These findings provide support for the broader implementation of the HSEP among older adults locally, as a means to help them maintain their health and functional independence, and to lower their risk for falls and fall-related injuries.

There are a number of items that need to be considered, however, with broader implementation of the HSEP. These include appropriate processes to properly identify suitable clients for the program and provision of ongoing encouragement and support for continuation of the exercises.

These strategies could help mitigate some of the physical limitations that are a barrier to completion of the program, and could help with increasing client interest in the program. Ensuring consistency with the support worker is also important, since this person plays such a key role in clients continuing the program. It may also be valuable for the personal support worker and other support workers who are working on this program to have an opportunity to share lessons learned and approaches that have been successful with clients.

It may also be valuable to further explore the instances where the program is being offered to groups of individuals. The original intent of the HSEP is for delivery to individuals in the home. There is another program, Stand Up!, which is intended for group delivery with more mobile seniors. It would be important to determine what, if any, overlap there is with the delivery of HSEP in a group setting and Stand Up!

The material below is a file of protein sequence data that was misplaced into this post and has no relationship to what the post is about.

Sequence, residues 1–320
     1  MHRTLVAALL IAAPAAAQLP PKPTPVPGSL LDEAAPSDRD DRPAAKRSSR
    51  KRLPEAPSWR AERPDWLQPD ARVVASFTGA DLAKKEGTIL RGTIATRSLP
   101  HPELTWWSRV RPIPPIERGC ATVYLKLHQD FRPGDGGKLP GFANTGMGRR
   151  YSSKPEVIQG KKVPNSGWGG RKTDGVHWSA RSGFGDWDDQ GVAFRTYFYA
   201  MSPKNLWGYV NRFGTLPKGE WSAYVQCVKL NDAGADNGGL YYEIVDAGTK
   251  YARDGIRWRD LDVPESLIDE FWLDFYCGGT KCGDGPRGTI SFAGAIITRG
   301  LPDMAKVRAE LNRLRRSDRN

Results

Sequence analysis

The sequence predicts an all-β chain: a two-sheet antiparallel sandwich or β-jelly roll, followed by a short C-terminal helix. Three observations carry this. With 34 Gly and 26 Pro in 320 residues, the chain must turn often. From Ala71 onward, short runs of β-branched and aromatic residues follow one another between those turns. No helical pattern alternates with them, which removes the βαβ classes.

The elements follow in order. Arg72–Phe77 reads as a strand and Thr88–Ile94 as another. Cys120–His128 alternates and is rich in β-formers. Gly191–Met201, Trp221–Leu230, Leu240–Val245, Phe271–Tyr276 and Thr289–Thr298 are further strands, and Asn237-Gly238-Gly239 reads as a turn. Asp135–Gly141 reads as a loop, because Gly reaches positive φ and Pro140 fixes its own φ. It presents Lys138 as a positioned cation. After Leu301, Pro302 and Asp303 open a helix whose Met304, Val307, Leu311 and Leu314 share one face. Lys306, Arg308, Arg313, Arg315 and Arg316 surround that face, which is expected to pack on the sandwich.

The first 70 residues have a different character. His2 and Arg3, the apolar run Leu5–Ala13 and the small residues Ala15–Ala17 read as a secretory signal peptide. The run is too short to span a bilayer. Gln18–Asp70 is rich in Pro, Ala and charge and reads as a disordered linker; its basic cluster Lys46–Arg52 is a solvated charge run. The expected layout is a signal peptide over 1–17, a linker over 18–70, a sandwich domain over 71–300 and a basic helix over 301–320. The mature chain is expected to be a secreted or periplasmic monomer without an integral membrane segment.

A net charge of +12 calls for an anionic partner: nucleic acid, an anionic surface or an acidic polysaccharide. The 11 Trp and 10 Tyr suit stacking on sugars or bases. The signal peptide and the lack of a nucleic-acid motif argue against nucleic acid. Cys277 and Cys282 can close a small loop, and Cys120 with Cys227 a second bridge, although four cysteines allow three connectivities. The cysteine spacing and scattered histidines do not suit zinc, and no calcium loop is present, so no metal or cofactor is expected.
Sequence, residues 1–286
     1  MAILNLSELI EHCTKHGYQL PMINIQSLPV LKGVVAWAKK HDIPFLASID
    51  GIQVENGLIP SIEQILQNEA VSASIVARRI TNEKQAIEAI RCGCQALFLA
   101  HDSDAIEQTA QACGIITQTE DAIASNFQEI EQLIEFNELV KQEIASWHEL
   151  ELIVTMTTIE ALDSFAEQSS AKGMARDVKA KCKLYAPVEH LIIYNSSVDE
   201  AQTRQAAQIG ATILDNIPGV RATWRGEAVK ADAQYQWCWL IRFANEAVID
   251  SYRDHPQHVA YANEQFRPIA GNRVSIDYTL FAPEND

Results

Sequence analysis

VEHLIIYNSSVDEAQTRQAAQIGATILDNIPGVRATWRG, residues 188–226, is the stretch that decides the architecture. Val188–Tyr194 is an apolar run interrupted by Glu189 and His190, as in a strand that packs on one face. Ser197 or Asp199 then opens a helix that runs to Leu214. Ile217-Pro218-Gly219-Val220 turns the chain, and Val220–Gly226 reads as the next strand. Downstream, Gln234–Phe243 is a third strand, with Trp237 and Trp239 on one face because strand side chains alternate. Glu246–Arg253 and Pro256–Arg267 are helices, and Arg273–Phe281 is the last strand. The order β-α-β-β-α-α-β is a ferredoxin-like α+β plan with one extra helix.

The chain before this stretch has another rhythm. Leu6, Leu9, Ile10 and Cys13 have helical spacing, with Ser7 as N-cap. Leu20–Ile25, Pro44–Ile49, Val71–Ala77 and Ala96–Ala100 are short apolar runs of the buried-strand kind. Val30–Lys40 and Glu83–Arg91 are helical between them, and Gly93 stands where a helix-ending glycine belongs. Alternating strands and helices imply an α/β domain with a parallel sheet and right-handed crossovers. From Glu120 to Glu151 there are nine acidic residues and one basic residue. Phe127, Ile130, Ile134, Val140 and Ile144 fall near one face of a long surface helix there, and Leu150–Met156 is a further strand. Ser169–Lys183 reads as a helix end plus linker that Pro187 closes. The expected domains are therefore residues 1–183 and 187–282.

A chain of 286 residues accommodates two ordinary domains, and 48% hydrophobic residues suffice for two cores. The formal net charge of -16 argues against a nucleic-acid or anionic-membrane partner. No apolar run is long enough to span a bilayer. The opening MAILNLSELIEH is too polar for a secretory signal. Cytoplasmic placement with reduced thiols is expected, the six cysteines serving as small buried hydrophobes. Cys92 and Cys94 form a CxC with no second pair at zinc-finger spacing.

Overall, the results of this evaluation are supportive of the continuation of the HSEP Program in Sudbury and Manitoulin districts. The program has been well received by the community, and the agencies that work with the older adult population in the SDHU catchment area are continuing to offer this important program to their clients.


Michael King, Sudbury & District Health Unit
Renée St Onge, Sudbury & District Health Unit
Renée Chevrier-Lamoureux, Sudbury & District Health Unit
Laurel O’Gorman, Sudbury & District Health Unit
Stephanie Collins, Sudbury & District Health Unit


The authors would like to thank the following individuals for their contributions to this report:

Laurie Fraser
Jodi Maki
Jana Belanger
Natalie Aubin
Susan Snelling
Suzanne Lemieux

Contact for more information or to request a copy of the full report

Information Resource Centre
Resources, Research, Evaluation and Development Division
Sudbury & District Health Unit
1300 Paris Street
Sudbury, ON P3E 3A3
Telephone: 705.522.9200, ext. 350
Email: resourcecentre@sdhu.com

Recommended citation

Sudbury & District Health Unit. (2013). Evaluation of the Home Support Exercise Program in Sudbury and Manitoulin: Final Report. Sudbury, ON: Author.


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© Sudbury & District Health Unit, 2013

This item was last modified on April 8, 2016